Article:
All About Asuncion
Jesse Eisenberg and Camille Mana discuss the new Off-Broadway play about a trio of unlikely roommates.
THEATERMANIA: What are you looking forward to as far as audiences seeing Asuncion?
JESSE EISENBERG: The play is funny and I hope people find it funny. When I became an adult, I became interested in politics, and so the issues in the play were on my mind. The characters are lonely and turn into these nuts. These are real feelings of loneliness and alienation.
TM: I know you have been working on this play for quite some time. Do you think it was easier to get the play developed after the success of The Social Network?
JE: Actually, Rattlestick Playwrights Theater offered me this slot two years ago before the success I had with any movie. And then it was difficult to make my schedule free after The Social Network, since I have been offered other things to do. But I decided I really needed to keep a clear schedule for this.
TM: You say the characters are nuts. But are Edgar and Vinny, who are already roommates, happy when Asuncion first moves in?
JE: Yes, in the first act, we show Asuncion coming in and brightening up their day. Things become sour because the characters are irresponsible. It's fun to watch how the two characters interact with Asuncion.
TM: How did you come into contact with Camille Mana?
JE: Someone sent me Camille's reel and there was something so remarkable about her. She has a good comic sensibility, and she had things on her reel that were difficult to be funny in, but which she pulled off. I am so lucky to have someone like her be a part of this. Camille taught me things about this role that I didn't know. I based this role on a girl that I had a casual relationship with and Camille helped me alter the script.
TM: You have known Justin Bartha for a while. Why did you cast him?
JE: Justin and I met at a screen test for a movie we didn't get into. We sat in a waiting room for six hours. He has the exact same perspective that I have about things being very unstable in this industry. He is also so superbly talented, and his voice sounds like the voice I write.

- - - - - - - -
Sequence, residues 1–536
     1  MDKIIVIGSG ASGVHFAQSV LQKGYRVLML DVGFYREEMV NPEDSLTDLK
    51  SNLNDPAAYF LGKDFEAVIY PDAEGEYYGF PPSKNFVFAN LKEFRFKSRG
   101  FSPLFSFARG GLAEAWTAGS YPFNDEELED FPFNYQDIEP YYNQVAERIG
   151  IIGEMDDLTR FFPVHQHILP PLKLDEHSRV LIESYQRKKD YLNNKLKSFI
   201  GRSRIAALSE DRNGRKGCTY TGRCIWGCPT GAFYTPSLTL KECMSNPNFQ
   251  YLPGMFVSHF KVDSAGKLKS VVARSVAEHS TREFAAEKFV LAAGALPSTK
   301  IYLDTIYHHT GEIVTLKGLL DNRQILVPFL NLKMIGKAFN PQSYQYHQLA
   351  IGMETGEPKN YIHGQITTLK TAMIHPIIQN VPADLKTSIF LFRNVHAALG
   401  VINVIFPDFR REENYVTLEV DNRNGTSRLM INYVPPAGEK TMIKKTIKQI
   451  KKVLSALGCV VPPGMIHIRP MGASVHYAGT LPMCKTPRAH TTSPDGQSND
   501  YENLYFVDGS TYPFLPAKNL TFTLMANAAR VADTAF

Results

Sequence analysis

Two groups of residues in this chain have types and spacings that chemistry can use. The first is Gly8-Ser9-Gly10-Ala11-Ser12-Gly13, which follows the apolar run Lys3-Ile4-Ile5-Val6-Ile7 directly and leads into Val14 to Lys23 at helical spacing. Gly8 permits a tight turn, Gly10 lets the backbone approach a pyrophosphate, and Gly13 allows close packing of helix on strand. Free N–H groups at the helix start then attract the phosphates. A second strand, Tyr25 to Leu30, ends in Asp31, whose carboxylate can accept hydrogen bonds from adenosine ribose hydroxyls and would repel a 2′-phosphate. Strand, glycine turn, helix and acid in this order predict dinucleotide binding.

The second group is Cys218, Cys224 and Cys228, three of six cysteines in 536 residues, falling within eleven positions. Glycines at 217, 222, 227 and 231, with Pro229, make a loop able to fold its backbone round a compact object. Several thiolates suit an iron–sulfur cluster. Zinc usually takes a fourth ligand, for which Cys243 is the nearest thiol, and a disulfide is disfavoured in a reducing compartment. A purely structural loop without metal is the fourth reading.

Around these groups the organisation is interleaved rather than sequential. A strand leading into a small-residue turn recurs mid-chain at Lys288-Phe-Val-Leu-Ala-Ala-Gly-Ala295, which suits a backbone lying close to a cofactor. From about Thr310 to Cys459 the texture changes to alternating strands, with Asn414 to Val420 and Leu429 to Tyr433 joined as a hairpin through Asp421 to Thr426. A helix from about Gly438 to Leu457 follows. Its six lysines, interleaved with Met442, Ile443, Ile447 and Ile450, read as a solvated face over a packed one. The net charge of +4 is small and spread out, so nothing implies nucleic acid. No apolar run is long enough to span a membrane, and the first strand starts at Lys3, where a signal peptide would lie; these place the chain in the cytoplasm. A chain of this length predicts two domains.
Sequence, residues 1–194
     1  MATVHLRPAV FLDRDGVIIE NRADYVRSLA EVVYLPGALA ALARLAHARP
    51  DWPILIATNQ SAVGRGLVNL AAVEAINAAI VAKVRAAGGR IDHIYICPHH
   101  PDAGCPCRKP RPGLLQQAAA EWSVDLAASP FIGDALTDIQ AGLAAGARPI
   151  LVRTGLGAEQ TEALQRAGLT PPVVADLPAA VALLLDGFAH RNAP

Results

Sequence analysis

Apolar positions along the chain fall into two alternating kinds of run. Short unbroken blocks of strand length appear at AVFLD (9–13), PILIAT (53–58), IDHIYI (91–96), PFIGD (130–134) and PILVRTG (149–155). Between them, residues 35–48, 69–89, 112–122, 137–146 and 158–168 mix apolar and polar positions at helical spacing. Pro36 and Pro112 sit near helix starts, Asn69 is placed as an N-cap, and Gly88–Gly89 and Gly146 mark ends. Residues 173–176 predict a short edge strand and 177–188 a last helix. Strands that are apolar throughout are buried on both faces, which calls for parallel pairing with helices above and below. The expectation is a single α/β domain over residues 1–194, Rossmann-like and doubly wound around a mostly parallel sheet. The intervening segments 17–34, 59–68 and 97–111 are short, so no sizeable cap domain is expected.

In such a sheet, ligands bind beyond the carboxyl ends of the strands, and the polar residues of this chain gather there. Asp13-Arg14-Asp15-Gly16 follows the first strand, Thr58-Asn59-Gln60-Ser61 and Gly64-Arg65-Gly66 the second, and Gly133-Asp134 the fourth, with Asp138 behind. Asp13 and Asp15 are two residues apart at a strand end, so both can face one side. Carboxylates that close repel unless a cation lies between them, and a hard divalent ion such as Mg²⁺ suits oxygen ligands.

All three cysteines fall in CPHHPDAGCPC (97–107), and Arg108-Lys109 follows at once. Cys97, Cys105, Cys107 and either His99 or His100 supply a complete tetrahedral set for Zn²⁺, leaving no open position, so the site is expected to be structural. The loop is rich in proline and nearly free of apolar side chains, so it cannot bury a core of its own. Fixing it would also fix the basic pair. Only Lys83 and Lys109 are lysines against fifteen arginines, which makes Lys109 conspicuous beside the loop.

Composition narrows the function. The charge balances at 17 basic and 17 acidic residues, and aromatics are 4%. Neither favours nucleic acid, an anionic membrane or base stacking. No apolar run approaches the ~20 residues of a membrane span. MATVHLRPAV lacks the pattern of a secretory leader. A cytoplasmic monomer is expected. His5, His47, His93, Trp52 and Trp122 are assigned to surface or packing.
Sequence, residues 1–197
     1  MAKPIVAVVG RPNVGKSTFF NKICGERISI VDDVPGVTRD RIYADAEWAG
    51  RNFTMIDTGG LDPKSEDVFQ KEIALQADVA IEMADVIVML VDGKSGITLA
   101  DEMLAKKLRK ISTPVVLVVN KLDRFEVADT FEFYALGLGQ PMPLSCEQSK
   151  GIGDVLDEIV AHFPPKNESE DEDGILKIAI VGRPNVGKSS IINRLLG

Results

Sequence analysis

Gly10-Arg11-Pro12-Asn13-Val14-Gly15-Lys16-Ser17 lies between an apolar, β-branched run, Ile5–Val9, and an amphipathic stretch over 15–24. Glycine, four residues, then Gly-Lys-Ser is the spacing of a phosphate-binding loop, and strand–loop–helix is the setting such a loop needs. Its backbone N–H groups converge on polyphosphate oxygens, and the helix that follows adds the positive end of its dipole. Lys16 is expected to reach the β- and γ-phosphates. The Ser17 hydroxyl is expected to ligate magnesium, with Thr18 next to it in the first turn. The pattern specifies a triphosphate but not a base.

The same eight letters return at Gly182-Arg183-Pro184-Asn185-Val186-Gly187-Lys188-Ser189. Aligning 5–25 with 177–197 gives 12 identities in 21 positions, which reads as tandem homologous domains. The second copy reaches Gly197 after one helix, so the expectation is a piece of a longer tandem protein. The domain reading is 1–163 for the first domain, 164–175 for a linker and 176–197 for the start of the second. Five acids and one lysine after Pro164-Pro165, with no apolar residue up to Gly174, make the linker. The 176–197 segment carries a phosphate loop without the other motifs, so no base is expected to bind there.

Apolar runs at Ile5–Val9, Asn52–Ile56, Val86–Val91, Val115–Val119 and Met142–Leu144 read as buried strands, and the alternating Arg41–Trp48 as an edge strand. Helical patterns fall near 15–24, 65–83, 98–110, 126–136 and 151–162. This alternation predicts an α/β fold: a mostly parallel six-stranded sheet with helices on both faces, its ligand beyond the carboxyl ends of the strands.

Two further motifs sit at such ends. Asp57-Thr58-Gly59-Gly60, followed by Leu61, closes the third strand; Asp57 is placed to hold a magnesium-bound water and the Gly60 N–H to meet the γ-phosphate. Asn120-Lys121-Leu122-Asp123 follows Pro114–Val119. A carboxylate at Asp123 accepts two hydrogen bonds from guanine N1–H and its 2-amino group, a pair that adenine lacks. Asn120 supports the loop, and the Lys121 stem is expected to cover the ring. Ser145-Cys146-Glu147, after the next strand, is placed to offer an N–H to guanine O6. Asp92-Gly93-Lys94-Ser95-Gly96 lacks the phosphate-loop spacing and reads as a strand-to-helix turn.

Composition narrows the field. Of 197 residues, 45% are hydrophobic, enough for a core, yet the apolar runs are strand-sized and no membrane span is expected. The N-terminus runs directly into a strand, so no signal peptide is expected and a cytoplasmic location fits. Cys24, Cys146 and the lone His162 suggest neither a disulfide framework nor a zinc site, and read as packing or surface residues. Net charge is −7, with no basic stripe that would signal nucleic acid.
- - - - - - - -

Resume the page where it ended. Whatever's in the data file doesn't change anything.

CAMILLE MANA: Yes, it's kind of hard to believe, but it is very cool. Somehow, a tape of my work was sent to him. I didn't know anyone involved with the project. Jesse was researching Asian actresses and hadn't come up with anybody, and they reached out to me. It was strange because I have never done a role like this before. I was approached to do the play over a year ago, but then nothing ever happened. It's great that the project is finally happening! This play is very important to Jesse.
TM: Your character, Asuncion, emigrates from the Philippines and moves in with these guys, Edgar and Vinny. What kind of journey does she go on throughout the course of the play?
CM: Edgar and Vinny are two intellectual guys. Edgar is a liberal blogger and Vinny is getting a masters degree in Black Studies. When she arrives, the two men have their assumptions about her. She isn't a child, she is a three-dimensional woman; she's seen a lot and has been through a lot. They have read so much about the world, but when they get to meet Asuncion, it's up-close and personal.
TM: How cool is it sharing a stage with Jesse and Justin?
CM: It has been lovely. I have been impressed with how bright they are. They are well-read, just like their characters, and witty and sharp.
TM: What will the audience take away from Asuncion?
CM: The play looks at knowledge and experience. What's interesting for us is finding where the humor lies. It's a comedy as well. Hopefully, audiences will find the humor in it.
TM: Were rehearsals funny?
CM: Yes. One of the challenges about this piece was that we couldn't get through the scenes without laughing. It's great to see something being created right in front of you.
TM: You graduated from UC Berkeley in six semesters with a degree in Economics. When did you think about acting as a career?
CM: I was already acting prior to college. I wanted to do this since I was a little girl, even though my parents were opposed to acting as a career. So, I had two tracks. But since Berkeley was so close to Los Angeles, I was flying home a lot to go on auditions. But I never thought I would be doing a play in New York. I am thrilled, and I hope this will open more doors for me in the theater community here.
TM: You said Asuncion was different than anything you've done before. How different is she from the role of Helen you're portraying in the film Norman, which opens next week?
TM: I play the only girl in school who is a bigger outcast than Norman, and I provide the comic relief. She and Asuncion are total opposites. Helen is an offbeat, neurotic, drama club girl, whereas Asuncion is a beautiful young woman. But I am very proud of both of these roles.